Vacationing Abroad: The Family Checklist for Hassle-Free Travel

Posted by Sidney, 04 Oct

For many, a family vacation abroad is the opportunity of a lifetime, an adventure afar, a chance to make memories that will last for years to come. It's no wonder then that taking a trip "across the pond" requires considerable planning and forethought. For those wanderlust travelers ready to take on new environments in far, foreign lands, here is the essential checklist of recommendations that covers planning, packing and enjoying your family vacation abroad.

1. Obtain or renew your passport

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If you require a passport or if your passport will soon expire, get a jump on this right away. The entire passport process can take more than a month, and that's if things go smoothly. First-time passport applicants must appear in person, so you'll need to make an appointment at an acceptance facility to bring in completed DS-11 application form, birth certificate, and proof of citizenship for all members of the family. This will need to be completed before any other planning because in many cases, you're not able to book a flight without your passport number. The U.S. Department of State is a great resource for more information about passport applications.

2. Check on visa requirements

While passport allows you to leave (and more importantly, return to) your native country, a visa allows you to enter other countries. Different countries have different visa requirements for travelers planning to enter, so it's best to investigate early in the planning stage to get all the details.

3. Research immunizations and shots

Though many Americans are vaccinated as children against various diseases we may be likely to come in contact within our own country, once away from their home soil, travelers might encounter dangerous viruses you've never even heard of. The CDC travel website offers a comprehensive account of each country and its recommended or required immunizations.

4. Safeguard Your Identity

Identity theft is a worldwide epidemic and traveling abroad may actually increase your risk of becoming a victim since you have such sensitive and personal data on your person so often. Before you leave on your vacation, obtain services that monitor your bank accounts for suspicious activity, alert you in the case of a data breach, and detect any instances of identity theft. It's a good idea to let your service provider and your bank know in advance that you will be traveling abroad to avoid complications while on vacation.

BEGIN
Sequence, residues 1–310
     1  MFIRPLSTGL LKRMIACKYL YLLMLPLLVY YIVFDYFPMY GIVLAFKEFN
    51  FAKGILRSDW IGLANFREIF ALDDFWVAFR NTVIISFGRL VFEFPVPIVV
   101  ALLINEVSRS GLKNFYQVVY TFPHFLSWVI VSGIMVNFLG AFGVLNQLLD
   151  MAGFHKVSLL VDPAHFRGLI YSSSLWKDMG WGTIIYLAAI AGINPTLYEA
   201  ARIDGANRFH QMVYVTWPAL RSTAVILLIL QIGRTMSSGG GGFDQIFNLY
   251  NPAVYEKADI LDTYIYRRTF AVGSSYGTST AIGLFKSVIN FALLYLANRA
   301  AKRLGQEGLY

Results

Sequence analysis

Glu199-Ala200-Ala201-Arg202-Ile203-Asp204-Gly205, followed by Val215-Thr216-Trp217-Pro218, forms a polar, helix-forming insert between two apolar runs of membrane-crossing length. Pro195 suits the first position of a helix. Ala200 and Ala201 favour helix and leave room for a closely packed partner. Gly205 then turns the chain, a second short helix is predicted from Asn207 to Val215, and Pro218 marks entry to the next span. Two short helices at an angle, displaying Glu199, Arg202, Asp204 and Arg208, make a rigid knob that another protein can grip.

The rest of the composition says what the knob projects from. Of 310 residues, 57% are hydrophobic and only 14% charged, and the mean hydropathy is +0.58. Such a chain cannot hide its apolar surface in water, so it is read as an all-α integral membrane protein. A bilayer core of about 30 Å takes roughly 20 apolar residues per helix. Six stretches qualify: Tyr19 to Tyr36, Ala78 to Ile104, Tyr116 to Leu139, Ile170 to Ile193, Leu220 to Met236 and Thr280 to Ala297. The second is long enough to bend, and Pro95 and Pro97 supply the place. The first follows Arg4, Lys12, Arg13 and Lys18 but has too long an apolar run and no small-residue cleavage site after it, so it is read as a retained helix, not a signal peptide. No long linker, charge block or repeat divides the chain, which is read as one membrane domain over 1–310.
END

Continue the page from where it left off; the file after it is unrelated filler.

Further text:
5. Purchase travel insurance

Many medical insurance plans will not cover you and your dependents outside of their network, so trying to use your health care coverage outside of the country most likely won't fly. There are traveler insurance options available, though, to cover this gap. Check with your specific healthcare insurance provider before investing in an insurance policy, but major providers like Medicaid and Medicare typically leave you and your family to your own devices when overseas.

6. Manage your money

Check the current exchange rates from U.S. dollars to the monetary unit used in the country you are visiting. Look into ATM fees in that country, as well as what kinds of banking fees your account holder may subject you to when you spend money from your account overseas.

7. Make copies of everything

Your passport, travel itineraries, hotel reservations, tickets, and travel insurance policies should all be copied in both hard copy and digital form. Most tourists prefer to carry a copy of their passport around as they sightsee, opting to leave their original passport in a safe at the hotel rather than run the risk of losing it or having it stolen. In the unfortunate event that your passport does disappear, you can show the photocopy of it to the U.S. embassy to initiate the process of obtaining a new one. Travel insurance policy copies should be on your person at all times in case you or a family member require medical attention.

8. Update your cell phone plan

International roaming charges can add up quickly. To avoid this, one option is to speak with your provider about adjusting your plan to allow for calls and texts. Even this option can be expensive, though. Plan B would be to buy an inexpensive SIM card at your destination and insert it into your phone. Unfortunately, plan B won't work if your phone is locked by your carrier, so make sure you are clear on this ahead of time.

9. Check weather and updates

A day or two before your departure, check the weather in the region you'll be visiting. You may need to make a few last-minute adjustments to your packing. Also, check to see if the U.S. has issued a travel warning. Some nations are involved in conflicts that could suddenly affect travel or pose a threat in or near your destination. Though such a warning may not warrant postponing your vacation, it's still best to know how to behave and what to expect when you arrive.

All in all, a vacation abroad with your family can be a magical experience, but it could just as easily be a nightmare if you do not plan appropriately. By utilizing the tips in this checklist, you stay away will be safe and worry-free.

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